Although it is quite common for chocolate to contain minute traces of toxic chemicals like lindane, the risk to consumer health is very small. However, I urge consumers to consider the health of the poor cocoa growers who routinely use these chemicals. Please seek out organically grown cocoa products, not only for your own health, but also for the health of cocoa growers, and the environment.
For more detailed information, refer to my research on the issue of agro-chemicals in the cocoa industry: Chemical Cocoa

Why does Tava make a big deal about manufacturing in a “strictly nut free environment”?
We have a number of friends and relatives who suffer from nut allergies. Peanuts and tree nuts are among the most common food allergens, and a severe nut allergy is life threatening. (Tree nuts include almonds, Brazil nuts, cashews, hazelnuts, macadamia nuts, pecans, pistachio nuts and walnuts).
You may have noticed a warning that now appears on most chocolate products. It usually says something like: “May contain traces of nuts“. This type of warning is put in place for two reasons:
  1. nut allergies can be life threatening, and
  2. most plain chocolate is manufactured on machinery that also processes nut products.
Because it is practically impossible to remove all traces of nut proteins from machinery between batches, manufacturers choose to err on the side of caution, and warn people with severe nut allergies that the product in question may not be safe for them to eat. It is now very difficult to find any chocolate product that doesn’t carry a nut allergy warning.
Because we were starting up a new chocolate factory from scratch, we decided to make our premises strictly nut free.
For more information about nut allergies and anaphylaxis, please take a look at the Anaphylaxis Australia website (this link will open a new window)

Is The Tava Bar suitable for diabetics?
The Tava Bar contains absolutely no added sugar, nor any other kind of sweetener. Because it is unsweetened, The Tava Bar is very bitter, and is not designed to be eaten straight. However, diabetics might find The Tava Bar useful for creating chocolate flavoured drinks, or other recipes, which can be prepared with the sweetener of choice.

The Australian perspective

Why does Tava buy cocoa grown in Vanuatu?
Although we prefer to buy agricultural products grown organically in Australia, we are very happy to be buying cocoa from Vanuatu for the following reasons:
  • The climate in Australia is too dry to grow cocoa trees without irrigation. This is the main reason that we think establishing a commercial cocoa growing industry in Australia is a bad idea. Water is precious, and Australia is in drought much of the time.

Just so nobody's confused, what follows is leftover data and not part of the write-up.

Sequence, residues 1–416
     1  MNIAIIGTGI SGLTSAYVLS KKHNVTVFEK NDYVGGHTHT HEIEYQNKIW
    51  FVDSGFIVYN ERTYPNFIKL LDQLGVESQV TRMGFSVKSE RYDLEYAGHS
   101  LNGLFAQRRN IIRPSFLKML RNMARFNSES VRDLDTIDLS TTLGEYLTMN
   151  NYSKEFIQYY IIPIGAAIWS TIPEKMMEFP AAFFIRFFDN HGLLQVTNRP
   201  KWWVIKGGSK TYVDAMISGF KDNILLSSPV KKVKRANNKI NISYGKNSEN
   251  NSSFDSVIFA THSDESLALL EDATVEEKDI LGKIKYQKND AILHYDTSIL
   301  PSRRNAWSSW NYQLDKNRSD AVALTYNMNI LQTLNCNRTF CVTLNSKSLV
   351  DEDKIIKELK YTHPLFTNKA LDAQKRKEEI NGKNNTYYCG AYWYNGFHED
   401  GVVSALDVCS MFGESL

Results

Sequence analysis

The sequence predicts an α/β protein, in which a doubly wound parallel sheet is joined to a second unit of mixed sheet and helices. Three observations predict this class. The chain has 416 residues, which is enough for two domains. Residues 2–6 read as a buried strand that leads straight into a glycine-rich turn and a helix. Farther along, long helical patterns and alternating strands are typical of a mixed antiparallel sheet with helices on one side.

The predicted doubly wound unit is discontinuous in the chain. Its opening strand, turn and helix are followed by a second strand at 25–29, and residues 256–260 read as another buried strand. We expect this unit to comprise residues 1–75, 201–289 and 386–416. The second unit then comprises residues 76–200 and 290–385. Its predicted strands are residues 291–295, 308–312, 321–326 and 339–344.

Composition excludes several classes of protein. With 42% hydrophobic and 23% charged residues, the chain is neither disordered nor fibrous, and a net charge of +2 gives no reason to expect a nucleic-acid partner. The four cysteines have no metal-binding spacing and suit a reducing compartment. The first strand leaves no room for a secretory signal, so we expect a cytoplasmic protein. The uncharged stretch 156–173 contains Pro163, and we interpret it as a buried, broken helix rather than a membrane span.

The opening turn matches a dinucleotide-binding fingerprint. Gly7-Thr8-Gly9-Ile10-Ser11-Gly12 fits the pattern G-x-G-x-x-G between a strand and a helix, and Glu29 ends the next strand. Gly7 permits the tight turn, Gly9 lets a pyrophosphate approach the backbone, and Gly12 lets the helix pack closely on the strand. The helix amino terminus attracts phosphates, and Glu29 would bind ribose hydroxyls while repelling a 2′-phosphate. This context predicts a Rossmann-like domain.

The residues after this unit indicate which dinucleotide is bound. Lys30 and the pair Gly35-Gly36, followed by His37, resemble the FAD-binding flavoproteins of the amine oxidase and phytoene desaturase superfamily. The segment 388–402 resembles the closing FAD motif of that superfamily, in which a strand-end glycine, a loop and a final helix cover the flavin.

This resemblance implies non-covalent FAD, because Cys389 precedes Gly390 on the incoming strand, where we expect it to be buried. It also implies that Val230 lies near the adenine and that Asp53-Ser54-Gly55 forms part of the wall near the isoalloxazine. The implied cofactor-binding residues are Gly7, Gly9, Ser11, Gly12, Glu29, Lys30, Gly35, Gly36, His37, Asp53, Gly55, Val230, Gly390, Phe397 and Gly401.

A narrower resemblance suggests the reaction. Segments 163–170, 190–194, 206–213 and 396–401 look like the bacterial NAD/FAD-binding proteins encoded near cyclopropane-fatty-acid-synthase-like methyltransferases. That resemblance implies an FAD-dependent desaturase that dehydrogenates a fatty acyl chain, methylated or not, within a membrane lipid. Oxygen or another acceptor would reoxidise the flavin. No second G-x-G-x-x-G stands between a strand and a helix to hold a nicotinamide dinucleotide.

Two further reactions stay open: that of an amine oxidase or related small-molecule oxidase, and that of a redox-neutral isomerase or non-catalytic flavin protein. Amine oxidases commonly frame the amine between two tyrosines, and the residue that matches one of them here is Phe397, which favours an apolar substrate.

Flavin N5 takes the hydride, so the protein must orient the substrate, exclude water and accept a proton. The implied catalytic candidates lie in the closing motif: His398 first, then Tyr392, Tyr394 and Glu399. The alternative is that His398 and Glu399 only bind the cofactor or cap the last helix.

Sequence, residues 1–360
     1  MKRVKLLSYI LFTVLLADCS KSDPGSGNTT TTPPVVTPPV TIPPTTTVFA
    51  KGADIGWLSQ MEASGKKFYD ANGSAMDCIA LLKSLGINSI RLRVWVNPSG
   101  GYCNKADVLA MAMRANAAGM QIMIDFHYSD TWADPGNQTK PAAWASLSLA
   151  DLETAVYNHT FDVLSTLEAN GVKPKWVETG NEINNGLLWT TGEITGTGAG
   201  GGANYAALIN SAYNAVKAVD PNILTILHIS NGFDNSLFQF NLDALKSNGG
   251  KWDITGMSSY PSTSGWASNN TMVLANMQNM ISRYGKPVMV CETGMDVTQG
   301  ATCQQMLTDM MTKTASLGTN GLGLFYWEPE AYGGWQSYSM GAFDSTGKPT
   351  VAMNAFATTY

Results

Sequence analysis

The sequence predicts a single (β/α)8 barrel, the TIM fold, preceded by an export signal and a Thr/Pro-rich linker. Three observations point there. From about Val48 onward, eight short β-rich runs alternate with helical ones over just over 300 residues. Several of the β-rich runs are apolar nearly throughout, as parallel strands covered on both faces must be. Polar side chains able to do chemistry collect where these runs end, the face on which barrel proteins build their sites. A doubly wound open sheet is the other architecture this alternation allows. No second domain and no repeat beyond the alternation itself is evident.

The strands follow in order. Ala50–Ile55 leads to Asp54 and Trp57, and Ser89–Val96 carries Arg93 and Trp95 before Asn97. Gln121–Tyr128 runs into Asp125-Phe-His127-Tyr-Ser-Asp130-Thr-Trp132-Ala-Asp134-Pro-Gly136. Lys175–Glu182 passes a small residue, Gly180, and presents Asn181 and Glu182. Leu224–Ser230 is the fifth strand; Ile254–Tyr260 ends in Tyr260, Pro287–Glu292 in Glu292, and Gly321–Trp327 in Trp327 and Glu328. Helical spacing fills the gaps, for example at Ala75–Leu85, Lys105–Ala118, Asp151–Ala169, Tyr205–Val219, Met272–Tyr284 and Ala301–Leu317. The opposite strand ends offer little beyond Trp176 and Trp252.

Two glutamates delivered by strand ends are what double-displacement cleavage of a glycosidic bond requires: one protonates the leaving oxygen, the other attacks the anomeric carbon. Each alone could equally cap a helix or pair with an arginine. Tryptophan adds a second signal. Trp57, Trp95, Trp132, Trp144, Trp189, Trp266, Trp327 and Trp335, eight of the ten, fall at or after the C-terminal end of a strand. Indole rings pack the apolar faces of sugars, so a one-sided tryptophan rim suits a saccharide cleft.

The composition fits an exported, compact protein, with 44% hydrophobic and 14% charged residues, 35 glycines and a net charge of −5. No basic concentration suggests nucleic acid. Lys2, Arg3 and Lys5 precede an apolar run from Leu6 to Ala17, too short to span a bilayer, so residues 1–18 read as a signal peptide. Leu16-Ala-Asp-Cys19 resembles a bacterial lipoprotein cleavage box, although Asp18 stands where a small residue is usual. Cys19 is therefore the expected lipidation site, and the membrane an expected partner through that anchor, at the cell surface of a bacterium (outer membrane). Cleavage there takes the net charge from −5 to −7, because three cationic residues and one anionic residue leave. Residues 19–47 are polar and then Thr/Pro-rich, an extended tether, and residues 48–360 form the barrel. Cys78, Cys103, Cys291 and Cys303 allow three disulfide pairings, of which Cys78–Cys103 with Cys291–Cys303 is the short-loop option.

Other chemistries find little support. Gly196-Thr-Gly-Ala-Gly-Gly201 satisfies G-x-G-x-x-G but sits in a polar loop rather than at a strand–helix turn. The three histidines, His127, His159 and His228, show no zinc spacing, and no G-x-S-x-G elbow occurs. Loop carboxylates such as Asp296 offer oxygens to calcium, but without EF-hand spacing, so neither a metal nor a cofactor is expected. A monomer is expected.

However, many tropical countries in the world receive enough rainfall to grow cocoa without irrigation. Vanuatu is one of those countries.
  • Vanuatu is many times closer to Australia than the major cocoa growing regions of West Africa and South America. In a world of human-induced climate change and diminishing oil reserves, transporting produce around the globe seems like an increasingly bad idea. Buying cocoa grown in a sustainable manner in the local Pacific region is one small way that we can show we care about the future of the planet, and all of its inhabitants.
  • Like most cocoa growing countries, Vanuatu is economically underdeveloped. Because Vanuatu is one of Australia’s “poor” neighbours, Australian tax-payers provide millions of dollars in aid to Vanuatu each year. Indeed, Australia’s bilateral aid to Vanuatu in 2006-07 is budgeted at $25 million.
    We support the fair trade concept of “Trade, not Aid”. We believe that buying cocoa from ni-Vanuatu cocoa growers at a fair price is the best way that we can help the people of Vanuatu develop a healthy and independent economy.

Social equity

Who grows cocoa, and under what circumstances?

Why is Tava not certified Fair Trade?

Environmental sustainability

What are the environmental impacts of organic vs. non-organic cocoa growing?

Why is Tava not certified organic?

Send questions or comments to me (Sam) at

The Cocoa Communiqué

Extra dark cooking chocolate.
100% cocoa solids; no sugar.

Allergy Aware:
This chocolate is made in a strictly nut-free environment.

Chocolate and its health- giving properties get a whole chapter in this book by Richard Béliveau and Denis Gingras. Read more …